ANNUAL EXHIBITION 2017
Photographers Of Fishers Island, Part One
Curated by HLFM director Pierce Rafferty
The 2017 exhibition celebrated the first photographers of Fishers Island. Some were professionals, some amateurs, but together they provide a multifaceted portrait of island life and a clear reflection of yesteryear’s landscapes, beachscapes and architecture.
Woman photographing dog on barrel, South Beach, Fishers Island, N.Y.
c.1913. Photograph by Brown & Dawson, Stamford, Conn. Museum Collection. Donated by Harry & Susie Ferguson
The Brown & Dawson studio was hired by the Fergusons, primary owners of Fishers Island, to take many of the photographs used in their promotional brochures in the mid-1910s. Unfortunately, no record exists of the name of the woman photographer pictured at left.
Please note the safety “surf line” in center back-ground that stretched from wooden posts on shore to the shallows to help stabilize bathers as they entered the surf, an amenity that disappeared more than a century ago.
The earliest photographs on display date from the 1880s and 1890s with one exception, an outlier from 1846 that shows the Steamer Atlantic wrecked below North Hill (see below). The relatively late dates for almost all of our “early” photographs are not surprising when you consider that Fishers Island was a private working farm until the mid-1870s. Photographers would have had a difficult time gaining access.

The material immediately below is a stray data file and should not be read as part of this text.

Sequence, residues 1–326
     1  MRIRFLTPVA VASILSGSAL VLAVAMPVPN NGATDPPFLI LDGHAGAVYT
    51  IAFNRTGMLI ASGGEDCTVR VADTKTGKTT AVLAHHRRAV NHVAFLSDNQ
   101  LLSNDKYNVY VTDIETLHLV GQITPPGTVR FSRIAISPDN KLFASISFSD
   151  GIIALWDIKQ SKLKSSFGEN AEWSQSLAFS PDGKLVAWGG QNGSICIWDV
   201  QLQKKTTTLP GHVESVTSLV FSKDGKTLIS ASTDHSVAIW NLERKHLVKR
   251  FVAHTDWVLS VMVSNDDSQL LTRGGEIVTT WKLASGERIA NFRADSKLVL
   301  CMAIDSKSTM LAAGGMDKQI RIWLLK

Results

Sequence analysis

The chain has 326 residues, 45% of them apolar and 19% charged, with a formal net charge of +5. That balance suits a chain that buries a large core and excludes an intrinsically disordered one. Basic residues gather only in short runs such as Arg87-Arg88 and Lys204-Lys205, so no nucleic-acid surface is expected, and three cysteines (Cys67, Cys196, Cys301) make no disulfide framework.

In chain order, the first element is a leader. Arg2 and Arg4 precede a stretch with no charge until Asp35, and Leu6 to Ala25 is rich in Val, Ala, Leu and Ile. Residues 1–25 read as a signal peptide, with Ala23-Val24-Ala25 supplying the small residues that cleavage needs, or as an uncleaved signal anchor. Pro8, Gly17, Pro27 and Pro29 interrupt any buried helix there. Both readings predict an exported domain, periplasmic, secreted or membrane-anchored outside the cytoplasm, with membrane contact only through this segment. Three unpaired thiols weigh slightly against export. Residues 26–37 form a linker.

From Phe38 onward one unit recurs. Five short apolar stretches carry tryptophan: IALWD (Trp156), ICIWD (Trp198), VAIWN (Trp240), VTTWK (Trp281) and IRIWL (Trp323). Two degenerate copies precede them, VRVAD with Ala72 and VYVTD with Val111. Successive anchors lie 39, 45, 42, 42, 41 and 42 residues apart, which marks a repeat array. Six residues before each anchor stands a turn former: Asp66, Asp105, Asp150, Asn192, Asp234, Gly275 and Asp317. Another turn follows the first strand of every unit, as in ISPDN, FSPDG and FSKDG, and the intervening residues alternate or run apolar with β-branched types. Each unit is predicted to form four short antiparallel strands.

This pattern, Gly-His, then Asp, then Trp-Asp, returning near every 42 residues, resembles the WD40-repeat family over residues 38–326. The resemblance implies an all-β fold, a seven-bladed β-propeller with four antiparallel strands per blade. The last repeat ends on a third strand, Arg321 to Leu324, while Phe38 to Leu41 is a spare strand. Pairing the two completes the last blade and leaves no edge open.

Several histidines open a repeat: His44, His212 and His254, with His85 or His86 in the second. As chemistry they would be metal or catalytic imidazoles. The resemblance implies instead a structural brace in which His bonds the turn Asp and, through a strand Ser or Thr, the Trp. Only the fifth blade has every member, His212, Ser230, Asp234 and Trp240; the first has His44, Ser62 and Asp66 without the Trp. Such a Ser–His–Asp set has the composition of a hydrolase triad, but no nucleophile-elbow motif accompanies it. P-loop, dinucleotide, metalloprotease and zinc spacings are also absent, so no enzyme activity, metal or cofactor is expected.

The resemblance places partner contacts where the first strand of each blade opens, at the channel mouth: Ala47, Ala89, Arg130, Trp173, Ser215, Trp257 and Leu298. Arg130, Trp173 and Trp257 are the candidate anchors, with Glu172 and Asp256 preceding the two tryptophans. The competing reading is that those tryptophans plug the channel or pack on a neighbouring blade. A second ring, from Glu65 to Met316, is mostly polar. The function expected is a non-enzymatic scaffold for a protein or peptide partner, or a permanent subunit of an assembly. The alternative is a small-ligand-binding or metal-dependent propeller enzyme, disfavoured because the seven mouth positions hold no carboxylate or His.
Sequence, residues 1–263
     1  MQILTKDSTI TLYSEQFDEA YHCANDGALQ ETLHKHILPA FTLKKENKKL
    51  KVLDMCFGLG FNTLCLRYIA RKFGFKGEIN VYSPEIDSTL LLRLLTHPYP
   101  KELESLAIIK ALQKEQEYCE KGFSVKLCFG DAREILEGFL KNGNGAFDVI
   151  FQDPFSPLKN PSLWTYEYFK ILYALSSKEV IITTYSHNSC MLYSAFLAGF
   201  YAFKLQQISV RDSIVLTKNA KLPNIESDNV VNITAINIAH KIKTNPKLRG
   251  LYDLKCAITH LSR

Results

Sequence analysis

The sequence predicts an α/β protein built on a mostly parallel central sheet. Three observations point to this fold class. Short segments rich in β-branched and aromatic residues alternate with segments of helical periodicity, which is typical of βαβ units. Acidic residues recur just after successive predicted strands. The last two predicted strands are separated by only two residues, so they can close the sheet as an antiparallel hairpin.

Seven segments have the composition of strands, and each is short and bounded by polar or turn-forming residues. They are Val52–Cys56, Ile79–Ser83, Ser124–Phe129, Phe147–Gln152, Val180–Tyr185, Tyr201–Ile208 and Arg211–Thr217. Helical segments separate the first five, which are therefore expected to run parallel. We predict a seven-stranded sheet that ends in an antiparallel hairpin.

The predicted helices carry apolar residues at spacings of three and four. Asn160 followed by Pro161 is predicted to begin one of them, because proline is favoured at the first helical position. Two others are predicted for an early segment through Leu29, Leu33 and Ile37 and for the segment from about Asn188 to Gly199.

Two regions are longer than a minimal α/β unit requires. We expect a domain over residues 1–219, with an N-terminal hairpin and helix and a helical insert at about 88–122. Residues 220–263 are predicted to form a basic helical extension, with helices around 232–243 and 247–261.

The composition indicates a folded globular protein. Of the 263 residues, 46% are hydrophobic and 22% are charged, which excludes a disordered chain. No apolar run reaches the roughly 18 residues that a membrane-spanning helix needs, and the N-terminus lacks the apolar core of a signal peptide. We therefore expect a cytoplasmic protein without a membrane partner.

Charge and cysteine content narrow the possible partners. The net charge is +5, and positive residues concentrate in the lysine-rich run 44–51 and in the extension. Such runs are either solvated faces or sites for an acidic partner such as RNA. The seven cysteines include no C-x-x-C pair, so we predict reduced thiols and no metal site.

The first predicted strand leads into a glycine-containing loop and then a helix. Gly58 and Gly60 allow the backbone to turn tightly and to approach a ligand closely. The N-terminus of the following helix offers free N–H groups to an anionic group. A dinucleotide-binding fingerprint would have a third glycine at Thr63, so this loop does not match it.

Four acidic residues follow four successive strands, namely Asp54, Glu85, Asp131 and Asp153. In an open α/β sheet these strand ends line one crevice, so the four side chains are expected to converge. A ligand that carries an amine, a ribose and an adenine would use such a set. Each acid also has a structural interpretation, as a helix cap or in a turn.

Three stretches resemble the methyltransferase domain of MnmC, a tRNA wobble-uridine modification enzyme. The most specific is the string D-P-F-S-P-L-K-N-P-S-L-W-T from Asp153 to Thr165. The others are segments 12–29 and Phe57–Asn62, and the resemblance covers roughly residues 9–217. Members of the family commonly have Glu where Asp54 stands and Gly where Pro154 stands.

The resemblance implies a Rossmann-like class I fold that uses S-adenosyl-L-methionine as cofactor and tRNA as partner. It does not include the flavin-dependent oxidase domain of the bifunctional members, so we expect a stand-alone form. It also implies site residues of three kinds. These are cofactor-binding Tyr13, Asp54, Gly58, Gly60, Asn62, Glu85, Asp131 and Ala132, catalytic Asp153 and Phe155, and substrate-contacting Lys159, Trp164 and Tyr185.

Drawing copied from daguerreotype showing wreck of the Steamer Atlantic, North Hill, Fishers Island, N.Y.
Originally published in the New York Herald December 10, 1846
Republished in The Lookout, September 1927 issue by the Seamen’s Church Institute of New York.
Museum Collection. Donated by Harry & Susie Ferguson
This reproduction reveals the existence of an outlier photograph that precedes by more that three
decades the next known photograph taken on Fishers Island. Unfortunately, the original daguerreotype that was taken by E. Williams Pratt has not been located despite sustained research efforts.
Mr. Pratt, whose studio was on Bank Street in New London, advertised that his view of the wrecked Atlantic was “taken at Fisher’s Island, the real scene, and not from a painted picture. It is therefore more accurate than any sketch can be.” Given his stated aversion to artistic renditions, it is quite ironic that a sketch drawn from his “real scene” daguerreotype is all that is known to exist of his Atlantic image today.